The post Christmas posting will give you the response to the sausages.

Merry Christmas. Happy blogging.

Saturday 22 December 2012

The Punter Knows Best

The punter knows best

Today I went to collect some of my holiday supplies of sausages from Park Ave Quality Meats. I had ordered 3 kilos of kolbaz sausages. I arrived at the shop around 10am. While people were not queuing onto the road, this situation was almost reached. There were 14 people in the shop. The counter allows roughly 4 people to be served at once. As I observed, people like quality and will support a business that meet their high expectations. It took a while to be served, most people were buying non sausage products and wait was worth it.
Out of the bag:

I will be taking the kolbaz away on holiday, my sons and I are also going tramping in Nelson Lakes National Park for 6-7 days. These sausages will be part of the diet while in the hills.
Cut up ready for packing. For a review of kolbaz see this link.

Monday 17 December 2012

The Christmas Dilemma

The Christmas Dilemma

Each Christmas our whanau gathers at the home in Wellington, for a Christmas Day lunch. The style of the function has evolved over the years. In the late 1980s and 1990s it was the older generation with their adult children, then the adult children started to have their own children. Cousins have attended, but as their family grows, they have now dispersed with people in Wellington, Auckland and London. This year no cousins will be in Wellington over Christmas. For a period of time there was the high excitement of presents and young kids. Now the youngest child is eight and our daughter is oldest of her generation at seventeen. The babies who belong to the cousins will be Wanaka and Auckland. So a relaxed Christmas lunch with the whanau; fine food and drink, joyous conversation, and hopefully good weather, will embrace us all. A wonderful Wellington day with us sitting outside and having lunch is my ideal.

Lunch this year is at my sister’s home. Her husband is a meteorologist. He will cop the flak for his personal responsibility for any inclement weather.

I generally offer to bring meat for the barbecue, one component of the meat is sausages. This year I bought a sirloin steak, I will marinate this and cook on the barbecue. There will be fourteen people for lunch and the steak should feed them all. However the vexed question is: What sausages do I bring? Just as life is diverse so are my relatives’ tastes in sausages. The older generation are in their eighties and all of them like a simple sausage, my nieces and nephew are not keen on sausages that excite the taste buds. And you know what I prefer. So with the aim to please them all; but also trying to educate the whanau on the wider points of sausage I appreciation so I need to put some thought to this.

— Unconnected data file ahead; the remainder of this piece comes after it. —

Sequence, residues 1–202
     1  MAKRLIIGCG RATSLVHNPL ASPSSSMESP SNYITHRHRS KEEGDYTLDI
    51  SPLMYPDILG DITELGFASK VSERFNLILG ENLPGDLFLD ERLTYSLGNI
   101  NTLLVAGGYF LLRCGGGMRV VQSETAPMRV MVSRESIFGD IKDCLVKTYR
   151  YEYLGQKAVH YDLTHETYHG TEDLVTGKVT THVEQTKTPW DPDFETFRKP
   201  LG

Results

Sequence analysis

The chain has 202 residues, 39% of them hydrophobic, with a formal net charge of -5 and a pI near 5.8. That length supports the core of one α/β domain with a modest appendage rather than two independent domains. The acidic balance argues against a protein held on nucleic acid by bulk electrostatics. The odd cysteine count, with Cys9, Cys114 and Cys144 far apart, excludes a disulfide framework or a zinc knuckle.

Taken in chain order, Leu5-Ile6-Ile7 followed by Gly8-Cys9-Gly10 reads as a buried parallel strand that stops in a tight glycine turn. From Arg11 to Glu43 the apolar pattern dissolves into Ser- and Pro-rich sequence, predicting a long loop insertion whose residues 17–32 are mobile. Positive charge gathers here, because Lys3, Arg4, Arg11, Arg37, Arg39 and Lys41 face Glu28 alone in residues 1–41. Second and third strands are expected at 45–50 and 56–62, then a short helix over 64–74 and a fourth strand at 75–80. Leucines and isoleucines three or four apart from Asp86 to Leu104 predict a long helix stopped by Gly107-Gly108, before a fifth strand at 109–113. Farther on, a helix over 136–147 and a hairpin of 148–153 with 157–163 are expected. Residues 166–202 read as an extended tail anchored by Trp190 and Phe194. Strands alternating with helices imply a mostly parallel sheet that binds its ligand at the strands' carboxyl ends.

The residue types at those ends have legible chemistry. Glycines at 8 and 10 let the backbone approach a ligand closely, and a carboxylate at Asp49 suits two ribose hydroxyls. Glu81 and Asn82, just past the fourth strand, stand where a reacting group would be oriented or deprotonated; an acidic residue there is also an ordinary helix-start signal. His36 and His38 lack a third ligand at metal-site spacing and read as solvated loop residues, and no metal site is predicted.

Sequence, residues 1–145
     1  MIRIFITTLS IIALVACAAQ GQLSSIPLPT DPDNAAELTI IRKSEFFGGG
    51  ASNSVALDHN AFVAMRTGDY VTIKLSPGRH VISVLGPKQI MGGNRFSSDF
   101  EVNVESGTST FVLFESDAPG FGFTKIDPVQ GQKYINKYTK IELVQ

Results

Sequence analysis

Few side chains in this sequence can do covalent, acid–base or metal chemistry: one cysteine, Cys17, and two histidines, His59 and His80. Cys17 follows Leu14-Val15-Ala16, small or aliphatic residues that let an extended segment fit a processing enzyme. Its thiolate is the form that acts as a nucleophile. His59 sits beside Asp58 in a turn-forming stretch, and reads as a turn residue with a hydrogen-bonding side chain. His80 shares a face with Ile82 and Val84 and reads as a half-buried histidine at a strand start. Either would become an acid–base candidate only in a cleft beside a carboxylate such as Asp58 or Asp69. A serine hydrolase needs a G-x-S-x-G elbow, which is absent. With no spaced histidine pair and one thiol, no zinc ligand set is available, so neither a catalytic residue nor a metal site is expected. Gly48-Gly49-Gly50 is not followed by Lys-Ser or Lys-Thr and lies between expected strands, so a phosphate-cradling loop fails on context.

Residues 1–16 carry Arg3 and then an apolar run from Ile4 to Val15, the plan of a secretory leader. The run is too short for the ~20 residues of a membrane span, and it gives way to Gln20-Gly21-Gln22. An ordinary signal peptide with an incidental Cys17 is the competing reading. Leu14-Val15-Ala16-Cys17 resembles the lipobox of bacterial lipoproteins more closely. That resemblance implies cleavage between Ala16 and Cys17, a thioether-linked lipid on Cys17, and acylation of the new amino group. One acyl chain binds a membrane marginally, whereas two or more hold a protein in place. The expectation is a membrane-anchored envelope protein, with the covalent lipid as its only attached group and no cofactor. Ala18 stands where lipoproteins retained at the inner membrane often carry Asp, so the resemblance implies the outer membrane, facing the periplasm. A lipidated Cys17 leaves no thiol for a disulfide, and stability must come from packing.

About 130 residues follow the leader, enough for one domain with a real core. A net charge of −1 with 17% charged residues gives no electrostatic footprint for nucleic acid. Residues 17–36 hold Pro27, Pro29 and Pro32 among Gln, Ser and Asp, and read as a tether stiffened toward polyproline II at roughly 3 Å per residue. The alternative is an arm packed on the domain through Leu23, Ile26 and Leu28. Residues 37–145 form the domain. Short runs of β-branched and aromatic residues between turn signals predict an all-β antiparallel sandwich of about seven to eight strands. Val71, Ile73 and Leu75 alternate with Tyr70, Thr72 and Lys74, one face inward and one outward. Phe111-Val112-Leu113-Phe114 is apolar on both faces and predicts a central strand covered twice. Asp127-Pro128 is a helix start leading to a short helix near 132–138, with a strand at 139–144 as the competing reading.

Look out for a further post on the outcome of the great sausage decision.  




These sausages were brought from Moore Wilsons.

They are a large fat sausage. These sausages can be bought as either medium or hot, so for those who are regular readers you will know I purchased the hot variety.

I made a sausage and bean dish, one of our family specials. Spiced sausage and cannelloni beans; tomatoes and bit of balsamic vinegar for a slightly acid taste to the dish. I cut the sausages in different ways so the eater can identify the type of sausage they are eating. I also used kabonosy from Park Ave Quality Meats in the dish.

The cacciatori are a chunky coarsely ground sausage, this is a texture I prefer. They are spiced with a variety of seeds and spices that you can see in the texture of the sausage. They are also hot for my palate. So to have bite size pieces is a preferable method when eating them. They were very hard to chew. The mandibles received a very good work out before the sausage slid down the gullet. While these sausages were pleasant to eat, I would give them an average rating within the context of hotter spiced sausages. My wife ate couple of pieces and then decided to concentrate on the kabanosy. The kids just stuck with the kabonosy.

 I was able to enjoy the left overs the following day.

Cost per kilo: $29.90